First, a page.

“Hope is the worst of evils, for it prolongs the torment of men.” – Friedrich Nietzsche
Rehabilitation is sometimes like dieting. I have specific goals and an overarching ultimate goal, much like the desire to lose twenty pounds (and keep it off) and then be happier, healthier, more acceptable, and more worthy because of the difference in weight. Sometimes, I feel that I have internalized the idea that I will only be worthy, acceptable, happy, and able to ‘get on with my life’ if I overcome my disability. Now that I know that it’s possible, how could I not work until I have retrained my brain, healed the spasticity inside my body, and removed every visible trace of my cerebral palsy from my walk, posture, balance, and figure?
Many people in my life – friends, family, professors, therapists, strangers, and even medical professionals – have told me to accept my disability and accept my limitations. I understand their perspective, but I fear that if I accept my disability, I will permit myself to reduce the work I have done. The idea of not accepting it because it can be overcome has been a strong motivational force for me since I started my therapy. It again comes back to the same idea associated with dieting: if I were on a diet and it made me unhappy and I stopped dieting, I would not only gain the weight back and feel worse about myself, I would berate myself for failing my diet. If I stopped my therapy or reduced my therapy for the sake of accepting my disability, I would feel like I gave up on the opportunity to overcome it and I gave up on the driving force that kept me going when things were frustrating and hard. I have come too far to give up, but I am also working toward a goal that I have inextricably linked to my happiness, self esteem, personal success, identity, and value as a human being. I’ve even said to family and friends, ‘I’m no longer a person with a disability. I’m a person with a fixable problem.’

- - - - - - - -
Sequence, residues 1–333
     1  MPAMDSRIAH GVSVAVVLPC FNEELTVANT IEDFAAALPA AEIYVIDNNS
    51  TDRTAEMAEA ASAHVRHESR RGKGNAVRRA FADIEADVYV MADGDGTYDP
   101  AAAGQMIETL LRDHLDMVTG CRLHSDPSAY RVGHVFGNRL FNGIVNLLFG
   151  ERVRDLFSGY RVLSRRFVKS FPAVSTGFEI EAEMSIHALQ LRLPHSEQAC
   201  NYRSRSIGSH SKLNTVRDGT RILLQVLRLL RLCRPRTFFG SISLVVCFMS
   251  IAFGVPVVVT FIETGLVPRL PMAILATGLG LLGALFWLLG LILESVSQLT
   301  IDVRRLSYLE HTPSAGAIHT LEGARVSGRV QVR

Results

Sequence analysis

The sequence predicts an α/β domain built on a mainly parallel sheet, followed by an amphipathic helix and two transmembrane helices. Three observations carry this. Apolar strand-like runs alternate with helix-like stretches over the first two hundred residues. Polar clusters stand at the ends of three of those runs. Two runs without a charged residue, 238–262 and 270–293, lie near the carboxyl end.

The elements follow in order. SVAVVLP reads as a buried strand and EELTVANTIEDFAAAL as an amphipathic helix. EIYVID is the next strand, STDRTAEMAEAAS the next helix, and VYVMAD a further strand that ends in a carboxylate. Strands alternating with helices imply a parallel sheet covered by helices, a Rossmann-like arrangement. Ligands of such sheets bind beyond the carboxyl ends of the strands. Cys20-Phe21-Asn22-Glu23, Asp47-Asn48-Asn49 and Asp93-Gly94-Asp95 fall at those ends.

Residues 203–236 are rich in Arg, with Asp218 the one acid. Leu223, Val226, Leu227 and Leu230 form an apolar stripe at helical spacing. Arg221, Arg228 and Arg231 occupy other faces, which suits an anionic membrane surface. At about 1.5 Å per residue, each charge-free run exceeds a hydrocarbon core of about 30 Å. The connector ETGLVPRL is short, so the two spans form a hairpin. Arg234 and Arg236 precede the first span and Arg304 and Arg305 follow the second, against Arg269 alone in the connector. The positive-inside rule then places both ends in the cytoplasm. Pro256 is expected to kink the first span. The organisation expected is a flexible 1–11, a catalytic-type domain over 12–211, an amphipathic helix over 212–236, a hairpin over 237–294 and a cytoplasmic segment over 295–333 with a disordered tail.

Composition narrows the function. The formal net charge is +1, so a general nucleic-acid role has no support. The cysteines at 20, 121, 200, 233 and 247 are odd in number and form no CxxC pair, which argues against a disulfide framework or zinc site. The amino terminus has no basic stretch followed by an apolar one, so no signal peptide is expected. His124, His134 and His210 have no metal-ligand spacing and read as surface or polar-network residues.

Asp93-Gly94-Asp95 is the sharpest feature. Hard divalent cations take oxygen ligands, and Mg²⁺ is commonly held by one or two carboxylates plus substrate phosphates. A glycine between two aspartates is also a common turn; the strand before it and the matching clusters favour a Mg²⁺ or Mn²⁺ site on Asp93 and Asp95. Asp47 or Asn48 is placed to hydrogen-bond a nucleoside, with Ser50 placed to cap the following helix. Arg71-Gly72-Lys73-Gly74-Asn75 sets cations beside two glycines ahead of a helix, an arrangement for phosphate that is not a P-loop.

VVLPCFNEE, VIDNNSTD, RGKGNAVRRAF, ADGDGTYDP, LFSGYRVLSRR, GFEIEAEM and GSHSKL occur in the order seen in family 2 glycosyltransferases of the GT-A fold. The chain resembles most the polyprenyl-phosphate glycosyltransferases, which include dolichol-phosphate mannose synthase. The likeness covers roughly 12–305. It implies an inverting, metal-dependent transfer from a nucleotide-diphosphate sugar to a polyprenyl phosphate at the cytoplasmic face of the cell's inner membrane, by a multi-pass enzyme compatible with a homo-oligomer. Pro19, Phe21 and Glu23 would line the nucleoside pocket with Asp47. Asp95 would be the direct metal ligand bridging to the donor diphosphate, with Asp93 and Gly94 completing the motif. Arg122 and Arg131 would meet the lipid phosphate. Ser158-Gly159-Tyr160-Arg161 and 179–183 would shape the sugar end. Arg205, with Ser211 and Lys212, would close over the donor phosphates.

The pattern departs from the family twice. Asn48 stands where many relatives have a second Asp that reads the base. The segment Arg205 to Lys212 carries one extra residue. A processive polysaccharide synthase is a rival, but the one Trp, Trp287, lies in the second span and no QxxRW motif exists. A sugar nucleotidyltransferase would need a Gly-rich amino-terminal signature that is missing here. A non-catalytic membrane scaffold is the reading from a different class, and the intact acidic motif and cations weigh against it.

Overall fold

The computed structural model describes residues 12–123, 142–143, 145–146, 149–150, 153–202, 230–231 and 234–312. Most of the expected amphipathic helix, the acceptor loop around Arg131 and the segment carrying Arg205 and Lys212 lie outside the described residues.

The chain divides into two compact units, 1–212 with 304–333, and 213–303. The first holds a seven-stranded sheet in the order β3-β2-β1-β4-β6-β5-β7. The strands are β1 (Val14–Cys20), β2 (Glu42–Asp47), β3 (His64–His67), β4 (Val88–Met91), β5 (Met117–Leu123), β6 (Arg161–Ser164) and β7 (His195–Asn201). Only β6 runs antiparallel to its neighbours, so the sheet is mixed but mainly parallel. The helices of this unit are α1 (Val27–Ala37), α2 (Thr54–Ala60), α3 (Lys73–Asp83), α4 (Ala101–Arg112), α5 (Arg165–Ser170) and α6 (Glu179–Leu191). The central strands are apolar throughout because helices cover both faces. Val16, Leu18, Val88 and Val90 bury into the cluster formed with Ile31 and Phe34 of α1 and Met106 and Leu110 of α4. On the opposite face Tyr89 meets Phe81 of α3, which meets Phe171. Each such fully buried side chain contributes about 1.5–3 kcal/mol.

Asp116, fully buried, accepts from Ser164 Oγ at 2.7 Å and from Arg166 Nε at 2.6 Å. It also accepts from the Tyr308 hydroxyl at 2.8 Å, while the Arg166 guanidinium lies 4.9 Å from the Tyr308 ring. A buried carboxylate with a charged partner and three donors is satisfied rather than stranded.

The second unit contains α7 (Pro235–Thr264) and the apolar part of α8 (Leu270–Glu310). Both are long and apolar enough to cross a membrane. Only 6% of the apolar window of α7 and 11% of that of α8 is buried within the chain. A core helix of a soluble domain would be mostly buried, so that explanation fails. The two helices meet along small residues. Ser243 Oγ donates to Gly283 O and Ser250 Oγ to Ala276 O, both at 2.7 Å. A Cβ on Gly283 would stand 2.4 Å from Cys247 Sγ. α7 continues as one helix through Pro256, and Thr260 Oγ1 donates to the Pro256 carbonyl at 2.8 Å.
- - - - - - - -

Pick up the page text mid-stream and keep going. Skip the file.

I tried – for several months in the fall of 2011 – to see my process as ‘working to be healthy’ rather than ‘working to be better’ but this mindset did not instill in me the same drive, discipline, and determination I had when I worked to be better. I don’t know exactly when my mindset shifted from ‘cure’ to ‘health’ and back to ‘cure’ but I realized that the goal of achieving a cure is what makes me work as hard as I do.
I understand that maintaining a diet-like mindset is not the healthiest way to approach the physical work, but it gives me hope, a sense of purpose and meaning, and a stronger sense of identity than my disability identity. It gets me out of bed in the morning even when it sometimes keeps me up at night.